September 7, 2006

East Asia from 1368 to Present: Tradition and Transformation

HIST/EAS 3462

Qin Fang

Fall 2006

Class: BlegH 125, TCWESTBANK @ 6:00-9:00 pm
Office: SST 746
Office hours MF 1:00-2:00 pm
E-mail fang0058@gmail.com, fang058@umn.edu

Course Website

Course explanation:

Required texts:
1. Warren Cohen, East Asia at the Center (Four Thousand Years of Engagement With the World).New York: Columbia University Press, 2001.

2. Keith Schoppa. Songs Full of Tears: Nine Centuries of Chinese Life around Xiang Lake. Westview Press, 2002.

Optional texts:
1. Alex Kerr. Dogs and Demons: Tales from the Dark side of Japan. New York: Hill and Wang, 2000.

2. Hong Ssi,
Hyegyonggung. The Memoirs of Lady Hyegyong: The Autobiographical Writings of a Crown Princess of Eighteenth-Century Korea. Edited and translated by JaHyun Kim Haboush. Berkeley: University of California Press, 1996.

3. Hsien-I, tr. "The Courtesan's Jewel Box" in Chinese Stories of the Xth-XVIIth Century. Foreigh Lnaguages Press, Peking 1957.

4. Gail Lee Bernstein, ed. Recreating Japanese Women, 1600-1945. RJW thereafter.

Work Requirements
Expect to:
Read about 80 pages each week.
Attend class and contribute to our discussions of the readings.
Leading discussion onece, demonstrate your grasp of lectures, discussions, and readings.
Write one essay.
One final exam

Course Requirements and Grading
Attendance and discussion: 30%
Leading discussion 20%
Final Paper 25%
Final exam 25%

Notes:
The amount of reading for history courses often gets out of hand. I’ve done my best to keep weekly readings at an average of 75 pages or less, but as a result I really do expect you to read every page and take good notes, which you will then be able to use for discussion section. Note also that university policy on academic workload stipulates that you should spend about three hours per credit per week on each course. Since this is a three credit course, plan on devoting up to nine hours each week to it.

Attendance and Participation—lectures often will not follow the text, but will address other topics. If you do not attend, you will miss this material. Grading will be based on a point system. two points for each lecture attended and participated with total possible 30 points (This includes both attendence and discussion). I expect everyone to ask questions and contribute to classroom conversations, and your grade will reflect your level of participation. I do not take attendence, but I do write down people's level of participation during every class. Thus, the more you are absent, the fewer paticipation points you will be able to receive, but merely being present does not earn you any points in and of itself. People who have a really hard time speaking up in lcass should make their best efrfort, and anyone can also come see me during office hours to improve her/his participation score.

Leading discussion—Each of you will lead a discussion one time. We need two or three of you for each week. Please sign up the week (Except for week 1, 8) on Sept 6 when we first meet in the class. During your session, you are suppose to raise questions (10 points), engage your classmates (5 points) , and keep the class moving (5 points).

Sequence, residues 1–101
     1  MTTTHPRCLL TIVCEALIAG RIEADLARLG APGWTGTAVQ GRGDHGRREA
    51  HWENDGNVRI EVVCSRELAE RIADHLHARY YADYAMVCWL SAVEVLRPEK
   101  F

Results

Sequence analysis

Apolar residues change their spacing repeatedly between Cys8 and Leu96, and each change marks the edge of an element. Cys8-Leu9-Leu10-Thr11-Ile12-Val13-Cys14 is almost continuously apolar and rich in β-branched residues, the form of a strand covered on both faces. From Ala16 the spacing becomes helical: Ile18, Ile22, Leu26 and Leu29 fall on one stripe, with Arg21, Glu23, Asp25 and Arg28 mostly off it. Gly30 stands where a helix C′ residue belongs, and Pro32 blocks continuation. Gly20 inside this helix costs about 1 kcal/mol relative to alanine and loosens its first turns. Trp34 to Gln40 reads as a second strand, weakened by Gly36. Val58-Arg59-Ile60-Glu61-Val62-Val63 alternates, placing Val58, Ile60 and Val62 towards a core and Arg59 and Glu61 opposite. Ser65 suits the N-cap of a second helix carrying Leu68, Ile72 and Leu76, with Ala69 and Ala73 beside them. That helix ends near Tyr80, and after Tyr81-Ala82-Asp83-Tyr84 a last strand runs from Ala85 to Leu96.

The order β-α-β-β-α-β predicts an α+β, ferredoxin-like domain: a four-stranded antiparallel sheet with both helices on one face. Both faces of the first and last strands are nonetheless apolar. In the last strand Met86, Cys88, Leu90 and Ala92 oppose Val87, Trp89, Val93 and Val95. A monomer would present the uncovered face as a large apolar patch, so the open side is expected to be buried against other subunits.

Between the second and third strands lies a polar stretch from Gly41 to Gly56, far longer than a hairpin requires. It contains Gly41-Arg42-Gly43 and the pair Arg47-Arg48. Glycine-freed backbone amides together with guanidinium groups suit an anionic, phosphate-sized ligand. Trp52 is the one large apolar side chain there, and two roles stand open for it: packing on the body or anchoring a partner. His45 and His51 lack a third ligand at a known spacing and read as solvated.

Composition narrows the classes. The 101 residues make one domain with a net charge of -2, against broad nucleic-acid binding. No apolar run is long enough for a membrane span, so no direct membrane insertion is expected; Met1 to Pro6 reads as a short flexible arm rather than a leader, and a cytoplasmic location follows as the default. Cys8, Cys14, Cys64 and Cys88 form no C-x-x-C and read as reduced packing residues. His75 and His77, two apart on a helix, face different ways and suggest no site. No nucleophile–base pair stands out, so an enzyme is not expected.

Final Paper—find some topic that interests you by the end of October and investigate it using library materials. See me for topic approval. Essay should be short: 5-10 pages and use more than one reference. See the style sheet on the website.

Final exam—the questions and topics on the exam will be taken from lectures, readings and discussions. Again class attendance and keeping up with the readings are essential for successfully completing this course.

Extra credit—If you should miss a class or there is a topic you want to know more about, you are welcome to do some library research and write a short 1-2 page paper for extra credit. Note: Five times at most.
Academic dishonesty-- All students are required to abide by the University's policies on Academic Integrity, as found in the catalogue.

Lecture Topics
1. 9/6 Introduction: NO READING
- First Day of Class: Attitudes and Expectations
-The a-historical Asian family

2. 9/13 The Tales of Confucius: Why do we start East Asia from Confucius?
A new class of experts and texts emerged after the Fall of East Zhou. Moral excellence and technical skills became something that could be learned from books and teachers. This week we will look at both what Confucius and Confucian scholars taught.
-Confucius and bringing order to the universe.
- A human or a sage?

Cohen. pp. 1-19.
Readings for discussion:
1. Analects of Confucius
2. Tayler "Scripture and the Sage: On the Question of a Confucian Scripture" in The Religious Dimensions of Cnfucianism. Albany: State University of New York Press, 1990.23-38.

Questions:

3. 9/20 The Tales of Shi, Yangban, and Samurai
Shi is a Chinese term which is usually translated as "gentry." From the Ming and Tokugawa periods China, Japan and Korea were dominated by bureaucratic elite that ran society both formally through the state and informally through their economic and cultural positions.
- Shi in China
-Samurai in Tokugawa Japan
- Yangban in Yi Dynasty

Cohen, 150-172; 216-231.
Start reading Song full of tears and The Memoirs of Lady Hyegyong.

Readings for discussion:
1. Song full of tears. Chapter 2. pp. 31-58.
2. The Memoirs of Lady Hyegyong. The Memoir of 1795. 49-117.

4. 9/27 The Tales of Zheng He, Jesuit, and Portuguese
Jesuits set their foot in East Asia as early as 1540s. They tried to convert the Chinese and Japanese to Christianity, as Part of the Counter-Reformation Drive to win the world back to Rome. Jesuit failed quickly in Japan but their trip to China seemed promising. This week we will look at the encounter between the East and West through Jesuits.